AI Safety, Contemplative Reading, and the Importance of Leisure

I wanted to alert my readers to the following articles I’ve recently published at various outlets:

  • ‘AI Safety’ Without Virtue Will Never Be Safe.” This article, published on December 19th at Mere Orthodoxy, explores the current virtue deficit in AI innovation. The fixation with “AI Safety,” most evident in the Biden Administration’s recent Executive Order on the subject, masks over the true danger of AI, which is that an exclusive rule-based approach eclipses the debt we owe to human factors. I take a deep dive into the philosophy of the Enlightenment to understand how we reached the post-virtue situation today and the associated risks this entails when it comes to technological innovation.
  • In the latest issue of The Christian Librarian, I have an article on contemplative reading from the perspective of academic librarianship. The article argues that there is a cognitive difference between reading printed materials vs. reading off the screen, with one difference being that the latter is less conducive to contemplative immersion. Knowing this, academic librarians can be proactive in creating spaces and experiences that prioritize physical materials.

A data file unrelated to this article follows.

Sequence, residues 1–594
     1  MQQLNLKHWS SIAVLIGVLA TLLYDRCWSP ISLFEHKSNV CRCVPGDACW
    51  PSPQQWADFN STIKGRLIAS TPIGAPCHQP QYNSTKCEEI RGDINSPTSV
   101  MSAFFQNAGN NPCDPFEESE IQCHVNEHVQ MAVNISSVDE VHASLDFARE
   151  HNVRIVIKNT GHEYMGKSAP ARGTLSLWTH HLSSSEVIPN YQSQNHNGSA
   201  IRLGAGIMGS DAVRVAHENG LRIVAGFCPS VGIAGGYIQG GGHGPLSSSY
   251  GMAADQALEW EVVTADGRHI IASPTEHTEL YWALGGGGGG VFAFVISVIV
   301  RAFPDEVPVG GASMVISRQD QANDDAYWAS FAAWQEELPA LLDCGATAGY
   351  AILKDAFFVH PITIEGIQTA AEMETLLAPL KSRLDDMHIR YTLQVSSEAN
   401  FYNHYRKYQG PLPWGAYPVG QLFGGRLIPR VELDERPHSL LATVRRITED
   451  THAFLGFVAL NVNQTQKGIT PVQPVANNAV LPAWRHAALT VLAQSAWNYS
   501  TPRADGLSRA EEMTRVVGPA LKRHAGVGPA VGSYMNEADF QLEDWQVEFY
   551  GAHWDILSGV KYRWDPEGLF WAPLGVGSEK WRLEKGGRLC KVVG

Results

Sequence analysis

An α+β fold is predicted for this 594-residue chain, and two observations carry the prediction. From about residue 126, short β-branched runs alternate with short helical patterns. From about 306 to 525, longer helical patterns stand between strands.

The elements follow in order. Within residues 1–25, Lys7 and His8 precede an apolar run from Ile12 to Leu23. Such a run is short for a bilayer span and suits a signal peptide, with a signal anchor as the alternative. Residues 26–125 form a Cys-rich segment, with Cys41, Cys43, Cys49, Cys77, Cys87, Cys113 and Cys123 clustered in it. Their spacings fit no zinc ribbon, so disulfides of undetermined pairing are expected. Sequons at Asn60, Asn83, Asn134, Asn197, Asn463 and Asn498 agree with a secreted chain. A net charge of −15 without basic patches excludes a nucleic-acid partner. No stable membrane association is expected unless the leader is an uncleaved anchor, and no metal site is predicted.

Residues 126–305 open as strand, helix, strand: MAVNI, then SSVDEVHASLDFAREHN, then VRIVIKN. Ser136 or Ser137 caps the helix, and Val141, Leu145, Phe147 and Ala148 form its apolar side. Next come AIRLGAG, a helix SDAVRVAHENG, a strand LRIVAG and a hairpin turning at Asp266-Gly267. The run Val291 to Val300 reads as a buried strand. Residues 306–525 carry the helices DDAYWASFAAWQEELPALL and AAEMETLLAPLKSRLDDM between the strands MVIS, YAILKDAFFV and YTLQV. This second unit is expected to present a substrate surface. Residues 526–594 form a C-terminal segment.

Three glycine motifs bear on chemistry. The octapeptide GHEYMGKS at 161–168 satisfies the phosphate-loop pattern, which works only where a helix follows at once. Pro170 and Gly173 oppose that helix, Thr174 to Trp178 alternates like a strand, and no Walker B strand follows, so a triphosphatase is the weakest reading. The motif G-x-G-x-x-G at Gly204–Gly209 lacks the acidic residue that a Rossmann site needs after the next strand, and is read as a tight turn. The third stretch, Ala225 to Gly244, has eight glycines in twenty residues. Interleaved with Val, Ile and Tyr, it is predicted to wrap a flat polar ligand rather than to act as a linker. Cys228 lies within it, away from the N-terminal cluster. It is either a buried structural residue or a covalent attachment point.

• Continuing the theme of contemplative reading, I have published four articles in my Salvo column, and these cover leisure in general, and leisure reading in particular. In “Leisure and its Discontents,” I discuss the counter-cultural theories of leisure espoused by Josef Pieper (1904–1997), while a follow-up article, “The Joys of ‘Useless’ Books,” offers a defense of non-utilitarian reading. Finally, in an article published yesterday, “Amusing Ourselves Into Slavery,” I explore why the cult of fun is a trojan horse for totalitarianism, and how the classical Christian concept of leisure can protect us from the servility of both a work-induced statism and a play-induced statism.
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